What did our ancestors look like?
14 Jan 2013
A new method of establishing hair and eye colour from modern forensic samples can also be used to identify details from ancient human remains, finds a new study published in BioMed Central’s open access journal Investigative Genetics. The HIrisPlex DNA analysis system was able to reconstruct hair and eye colour from teeth up to 800 years old, including the Polish General Wladyslaw Sikorski (1881 to 1943) confirming his blue eyes and blond hair.
A team of researchers from Poland and the Netherlands, who recently developed the HIrisPlex system for forensic analysis, have now shown that this system is sufficiently robust to successfully work on older and more degraded samples from human remains such as teeth and bones. The system looks at 24 DNA polymorphisms (naturally occurring variations) which can be used to predict eye and hair colour.
Dr Wojciech Branicki, from the Institute of Forensic Research and Jagielonian University, Kraków, who led this study together with Prof Manfred Kayser, from the Erasmus University Rotterdam, explained, “This system can be used to solve historical controversies where colour photographs or other records are missing. HIrisPlex was able to confirm that General Wladyslaw Sikorski, who died in a plane crash in 1943, had the blue eyes and blond hair present in portraits painted years after his death. Some of our samples were from unknown inmates of a World War II prison. In these cases HIrisPlex helped to put physical features to the other DNA evidence.”
For medieval samples, where DNA is even more degraded, this system was still able to predict eye and hair colour (for the most degraded DNA samples eye colour alone), identifying one mysterious woman buried in the crypt of the Benedictine Abbey in Tyniec near Kraków, sometime during the 12th-14th centuries, as having dark blond/brown hair and brown eyes.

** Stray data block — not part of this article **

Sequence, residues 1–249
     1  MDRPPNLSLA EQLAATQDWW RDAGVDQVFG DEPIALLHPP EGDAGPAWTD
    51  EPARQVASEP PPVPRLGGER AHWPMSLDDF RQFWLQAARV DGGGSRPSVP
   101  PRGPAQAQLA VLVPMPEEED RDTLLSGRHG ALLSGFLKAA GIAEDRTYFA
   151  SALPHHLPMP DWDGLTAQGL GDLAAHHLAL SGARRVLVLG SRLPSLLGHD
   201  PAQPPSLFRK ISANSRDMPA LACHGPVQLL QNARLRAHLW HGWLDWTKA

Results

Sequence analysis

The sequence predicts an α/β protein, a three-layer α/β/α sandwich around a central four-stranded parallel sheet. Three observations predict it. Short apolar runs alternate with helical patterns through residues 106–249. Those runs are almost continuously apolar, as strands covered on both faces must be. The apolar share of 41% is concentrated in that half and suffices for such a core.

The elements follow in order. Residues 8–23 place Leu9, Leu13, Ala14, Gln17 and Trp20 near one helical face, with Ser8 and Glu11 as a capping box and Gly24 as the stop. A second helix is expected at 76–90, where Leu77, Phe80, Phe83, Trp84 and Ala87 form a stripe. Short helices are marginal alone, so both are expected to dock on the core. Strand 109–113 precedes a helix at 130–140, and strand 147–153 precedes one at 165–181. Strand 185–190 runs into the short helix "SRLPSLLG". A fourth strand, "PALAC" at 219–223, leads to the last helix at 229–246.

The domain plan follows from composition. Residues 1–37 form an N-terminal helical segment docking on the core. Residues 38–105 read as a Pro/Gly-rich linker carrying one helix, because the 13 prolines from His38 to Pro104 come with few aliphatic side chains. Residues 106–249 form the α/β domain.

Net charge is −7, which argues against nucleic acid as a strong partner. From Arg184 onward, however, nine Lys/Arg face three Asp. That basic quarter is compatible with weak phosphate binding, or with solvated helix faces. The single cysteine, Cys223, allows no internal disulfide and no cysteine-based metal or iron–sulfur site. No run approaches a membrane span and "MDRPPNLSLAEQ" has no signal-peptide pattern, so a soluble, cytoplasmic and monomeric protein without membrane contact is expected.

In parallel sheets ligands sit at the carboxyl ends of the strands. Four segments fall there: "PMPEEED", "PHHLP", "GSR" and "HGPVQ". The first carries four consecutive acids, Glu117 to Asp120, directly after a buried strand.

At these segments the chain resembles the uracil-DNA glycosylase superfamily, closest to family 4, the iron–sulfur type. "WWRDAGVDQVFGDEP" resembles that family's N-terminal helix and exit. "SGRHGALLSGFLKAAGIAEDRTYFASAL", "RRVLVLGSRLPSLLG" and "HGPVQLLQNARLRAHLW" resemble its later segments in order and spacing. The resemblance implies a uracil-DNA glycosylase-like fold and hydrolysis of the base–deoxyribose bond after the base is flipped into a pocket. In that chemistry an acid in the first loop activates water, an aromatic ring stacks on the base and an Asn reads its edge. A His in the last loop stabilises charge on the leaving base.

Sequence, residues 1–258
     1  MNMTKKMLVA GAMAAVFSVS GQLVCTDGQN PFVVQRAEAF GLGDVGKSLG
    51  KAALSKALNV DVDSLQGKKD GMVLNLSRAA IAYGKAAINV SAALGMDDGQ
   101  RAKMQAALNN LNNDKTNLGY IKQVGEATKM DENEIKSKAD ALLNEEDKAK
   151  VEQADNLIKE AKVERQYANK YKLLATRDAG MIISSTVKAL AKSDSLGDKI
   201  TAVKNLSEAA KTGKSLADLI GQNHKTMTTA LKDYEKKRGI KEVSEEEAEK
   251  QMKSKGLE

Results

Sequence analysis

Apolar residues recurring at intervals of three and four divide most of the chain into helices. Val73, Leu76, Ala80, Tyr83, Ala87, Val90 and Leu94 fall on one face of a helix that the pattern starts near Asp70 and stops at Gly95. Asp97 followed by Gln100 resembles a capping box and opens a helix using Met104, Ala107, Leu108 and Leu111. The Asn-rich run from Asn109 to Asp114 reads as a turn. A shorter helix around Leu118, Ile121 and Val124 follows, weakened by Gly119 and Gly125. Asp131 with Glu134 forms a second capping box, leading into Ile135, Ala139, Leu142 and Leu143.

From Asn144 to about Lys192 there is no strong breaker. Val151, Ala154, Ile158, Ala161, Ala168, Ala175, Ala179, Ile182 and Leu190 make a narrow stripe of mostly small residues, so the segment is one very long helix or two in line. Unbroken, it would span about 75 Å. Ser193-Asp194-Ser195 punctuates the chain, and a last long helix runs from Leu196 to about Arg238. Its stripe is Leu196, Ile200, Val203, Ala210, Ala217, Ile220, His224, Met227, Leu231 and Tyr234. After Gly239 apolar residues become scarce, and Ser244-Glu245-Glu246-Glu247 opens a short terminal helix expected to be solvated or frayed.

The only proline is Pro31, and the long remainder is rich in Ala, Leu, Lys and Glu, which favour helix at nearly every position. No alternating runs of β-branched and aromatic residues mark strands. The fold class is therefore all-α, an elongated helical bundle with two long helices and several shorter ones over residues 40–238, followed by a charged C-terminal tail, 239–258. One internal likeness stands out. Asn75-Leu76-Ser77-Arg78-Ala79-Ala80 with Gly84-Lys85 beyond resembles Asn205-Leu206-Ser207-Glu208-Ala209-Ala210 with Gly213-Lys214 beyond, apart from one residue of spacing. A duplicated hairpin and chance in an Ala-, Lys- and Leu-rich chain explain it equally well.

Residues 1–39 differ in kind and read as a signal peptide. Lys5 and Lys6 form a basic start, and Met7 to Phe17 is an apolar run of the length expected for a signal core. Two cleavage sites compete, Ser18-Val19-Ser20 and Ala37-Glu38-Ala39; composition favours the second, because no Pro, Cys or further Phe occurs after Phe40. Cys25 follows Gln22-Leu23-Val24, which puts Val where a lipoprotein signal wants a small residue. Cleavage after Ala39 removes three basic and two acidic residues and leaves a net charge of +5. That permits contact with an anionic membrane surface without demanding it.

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Dr Hilary Glover
Scientific Press Officer, BioMed Central
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1. Bona fide colour: DNA prediction of human eye and hair colour from ancient and contemporary skeletal remains
Jolanta Draus-Barini, Susan Walsh, Ewelina Pospiech, Tomasz Kupiec, Henryk Glab, Wojciech Branicki and Manfred Kayser
Investigative Genetics 2013, 4:3 doi:10.1186/2041-2223-4-3
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Please credit pictures to Arkadiusz Wrebiak, Wojciech Branicki and Manfred Kayser
Article citation and URL available on request on the day of publication.
2. Investigative Genetics is a peer-reviewed, open access, online journal, which publishes articles on the development and application of molecular genetics in a wide range of science disciplines with societal relevance. These include forensic issues and legal medicine, evolutionary, anthropological and historical studies, as well as epidemiology and biosafety.
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